My Squirrel Regret

I’m in a battle with the squirrels and chipmunks in my neighborhood. They’ve destroyed my patio by digging beneath it. It’s cracked and uneven now. They climb my roof and threaten to nest inside my house. Because of that, I decided I needed to take action.

Using a pellet gun was out of the question. Not only is firing a pellet gun illegal in my town, but I also didn’t want to kill the squirrels. I tried spreading a noxious powdered solution around the perimeter, but that didn’t work. They still kept coming. Hordes of squirrels.

I set out a bucket filled with water with peanuts floating on the surface, but that didn’t work. I tried a rat trap out of desperation. That only succeeded in trapping a live squirrel by the head, which I ended up having to mercy kill. Actually, my daughter ended up mercy killing with a stick it because I was too squeamish.

I tried a baited trap. I was having some luck with that. The very first night I caught a squirrel. When I lifted the trap, the squirrel started to cry, which made me feel guilty. I carried the trap to my car and drove it over to Deering Oaks Park, where there are lots of trees and nuts. I let him go and the squirrel sprinted up the tree and disappeared from sight.

It seemed every night I caught a squirrel in my trap. I would drive it over to Deering Oaks and then release it. My methods of trapping became more sophisticated each night. I soon began to utilize a used-up toilet roll. I would spread peanut butter over it and then roll it in sunflower seeds. It worked like a charm.

I began to become obsessed with catching squirrels. It was a running joke in my family. I would stand by the window for minutes on end watching the trap. I was like Bill Murray in Caddyshack trying to catch those shifty gophers.

I felt like I’d been close to ridding my backyard of squirrels. Then the next night I caught a baby. It wailed terribly as I drove it over to Deering Oaks Park, and I felt terrible the whole ride over. I only hoped it might find its family and reunite with them. The previous evening, I’d researched the topic of squirrel relocation and learned that squirrels didn’t do well when moved from their home. But I figured it was better than killing them. At least they would have a fighting chance at a Deering Oaks.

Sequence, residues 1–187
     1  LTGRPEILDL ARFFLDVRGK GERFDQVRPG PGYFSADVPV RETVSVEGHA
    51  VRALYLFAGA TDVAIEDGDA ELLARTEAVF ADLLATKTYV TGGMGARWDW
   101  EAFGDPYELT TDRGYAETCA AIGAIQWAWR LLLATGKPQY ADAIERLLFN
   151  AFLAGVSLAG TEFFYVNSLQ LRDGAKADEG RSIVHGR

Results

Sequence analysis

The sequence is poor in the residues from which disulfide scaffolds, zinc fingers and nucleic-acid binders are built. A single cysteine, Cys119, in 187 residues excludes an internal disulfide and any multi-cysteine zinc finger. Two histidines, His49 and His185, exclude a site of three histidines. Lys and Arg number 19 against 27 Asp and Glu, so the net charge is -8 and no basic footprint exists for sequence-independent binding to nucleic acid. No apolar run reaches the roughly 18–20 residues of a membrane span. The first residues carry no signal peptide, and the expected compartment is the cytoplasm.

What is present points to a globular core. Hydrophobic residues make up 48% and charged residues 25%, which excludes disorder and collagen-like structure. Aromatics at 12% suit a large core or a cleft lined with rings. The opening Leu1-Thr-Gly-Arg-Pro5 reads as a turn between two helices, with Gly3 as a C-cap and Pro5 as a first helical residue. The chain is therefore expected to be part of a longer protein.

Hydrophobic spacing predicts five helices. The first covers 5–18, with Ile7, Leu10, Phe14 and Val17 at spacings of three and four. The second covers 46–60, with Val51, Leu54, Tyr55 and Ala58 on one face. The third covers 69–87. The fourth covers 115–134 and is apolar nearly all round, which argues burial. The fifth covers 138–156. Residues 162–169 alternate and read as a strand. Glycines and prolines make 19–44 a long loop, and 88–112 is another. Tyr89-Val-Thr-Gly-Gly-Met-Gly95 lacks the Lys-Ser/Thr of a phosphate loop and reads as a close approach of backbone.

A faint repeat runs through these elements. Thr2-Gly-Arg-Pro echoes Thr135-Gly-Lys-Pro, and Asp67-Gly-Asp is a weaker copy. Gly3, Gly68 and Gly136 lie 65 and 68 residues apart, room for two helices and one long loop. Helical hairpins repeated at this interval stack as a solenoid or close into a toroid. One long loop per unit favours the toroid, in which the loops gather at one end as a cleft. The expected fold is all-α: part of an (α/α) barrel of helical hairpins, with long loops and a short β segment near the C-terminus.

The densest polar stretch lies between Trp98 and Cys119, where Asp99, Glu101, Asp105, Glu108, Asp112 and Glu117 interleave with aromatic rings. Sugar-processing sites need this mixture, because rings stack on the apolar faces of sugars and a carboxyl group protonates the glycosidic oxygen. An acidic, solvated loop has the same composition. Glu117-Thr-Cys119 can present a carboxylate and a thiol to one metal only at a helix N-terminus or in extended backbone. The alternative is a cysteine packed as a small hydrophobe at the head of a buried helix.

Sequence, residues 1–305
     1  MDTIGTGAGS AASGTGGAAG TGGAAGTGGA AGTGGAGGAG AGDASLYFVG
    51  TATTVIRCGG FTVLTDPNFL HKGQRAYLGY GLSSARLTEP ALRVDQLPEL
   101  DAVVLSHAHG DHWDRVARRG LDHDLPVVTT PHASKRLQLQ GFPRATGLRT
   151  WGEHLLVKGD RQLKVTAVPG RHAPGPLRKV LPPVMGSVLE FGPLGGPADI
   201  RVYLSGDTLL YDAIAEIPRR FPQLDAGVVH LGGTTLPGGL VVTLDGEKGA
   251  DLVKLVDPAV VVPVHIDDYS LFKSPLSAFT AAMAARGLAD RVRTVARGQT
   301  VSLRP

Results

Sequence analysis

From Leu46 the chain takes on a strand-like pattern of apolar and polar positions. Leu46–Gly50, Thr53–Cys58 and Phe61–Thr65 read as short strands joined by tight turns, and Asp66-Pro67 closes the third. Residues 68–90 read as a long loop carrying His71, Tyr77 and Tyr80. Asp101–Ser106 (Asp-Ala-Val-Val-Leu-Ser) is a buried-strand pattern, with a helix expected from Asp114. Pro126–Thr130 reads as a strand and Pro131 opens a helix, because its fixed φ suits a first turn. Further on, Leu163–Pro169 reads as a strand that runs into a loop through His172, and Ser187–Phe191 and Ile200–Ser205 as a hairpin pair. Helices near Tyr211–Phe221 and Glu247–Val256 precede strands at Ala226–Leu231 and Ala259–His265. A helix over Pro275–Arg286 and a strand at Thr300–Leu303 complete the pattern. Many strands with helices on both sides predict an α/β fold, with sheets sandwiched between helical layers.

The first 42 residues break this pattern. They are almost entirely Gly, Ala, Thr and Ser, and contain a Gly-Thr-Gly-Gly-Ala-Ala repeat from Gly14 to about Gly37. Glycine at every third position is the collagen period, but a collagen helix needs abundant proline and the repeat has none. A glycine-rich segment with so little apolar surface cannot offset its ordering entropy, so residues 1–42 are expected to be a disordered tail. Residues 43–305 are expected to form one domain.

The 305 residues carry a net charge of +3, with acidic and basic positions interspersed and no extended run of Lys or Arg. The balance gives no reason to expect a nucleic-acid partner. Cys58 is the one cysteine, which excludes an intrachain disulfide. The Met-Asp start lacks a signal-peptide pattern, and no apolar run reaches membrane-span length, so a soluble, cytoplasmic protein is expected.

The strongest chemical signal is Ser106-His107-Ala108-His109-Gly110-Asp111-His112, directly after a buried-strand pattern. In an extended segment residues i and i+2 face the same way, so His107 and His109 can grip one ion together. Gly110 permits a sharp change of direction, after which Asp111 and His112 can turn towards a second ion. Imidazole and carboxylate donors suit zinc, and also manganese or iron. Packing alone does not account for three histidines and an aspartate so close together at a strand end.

I reached the park and released the baby squirrel. It was even smaller than I thought. It sprinted away and then climbed a tree while I stood there and watched. I tried to locate it, but it escaped from my view. A few minutes passed before I saw the baby squirrel again. It had climbed back down the tree and was now heading straight toward me. What was it doing? It’s eyes stared into mine. I ran around to the driver’s side and it followed me. I opened the door while trying to shoo it away, but it wouldn’t leave. It approached the door and looked as if it was about to jump inside my car. It took me a second to realize that it wanted me to take it back to its home. I quickly got in my car before it jumped inside, and I sped away.

I haven’t trapped a squirrel since. I felt terrible that day about taking that baby squirrel away from it’s home, which was near my home. I dreamt about it that night. Had I broken up that squirrel family? I still see it’s dark eyes staring up at me, pleading with me to take it home.

What had I done?


About joesouza

I am a writer of crime novels
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4 Responses to My Squirrel Regret

  1. caschneiter says:

    I am with you when it comes to being a lover of nature. I am sorry about the stress of it all. I hope that there will be other ways to control the invasion of your home from the squirrels. I have no idea what that would be.

  2. David Plimpton says:

    Joe, squirrels and mice have gotten into crawl spaces in my home, leaving acorn shell calling cards. They are both members of the rodent family, which my research told me don’t like certain strong scents like peppermint oil. So I took some of those pine scented pouches you can get at the hardware store that supposedly repel mice. I then soaked them with peppermint oil and tried them in the crawl space. That was probably three or four years ago. Every fall I refresh the pouches with a jolt of peppermint oil. I have had no more evidence of rodent/squirrel infestation. Knock on wood my good luck continues. I recommend washing hands thoroughly after using the oil, as it stings like the blazes if it gets into your eyes.

    I don’t know if this defence could be deplyed effectively outside, or even if it could, whether it would also be a threat to neighborhood pets, But, if the pests ever get into your home , , , .

  3. Judy says:

    Go back and get the baby squirrel and bring him home.

  4. John says:

    I’ve been doing the chipmunk and squirrel relocation gig for a couple of years now. Once caught a huge raccoon that was NOT pleased with his confinement. Once dropped one off along the Kennebec Rail trail only to see him a half hour later in the clutches of a bald eagle up in a tree. Felt a tad sad on that one. But it’s either them or my house and they dont pay rent, so I kick ’em out.

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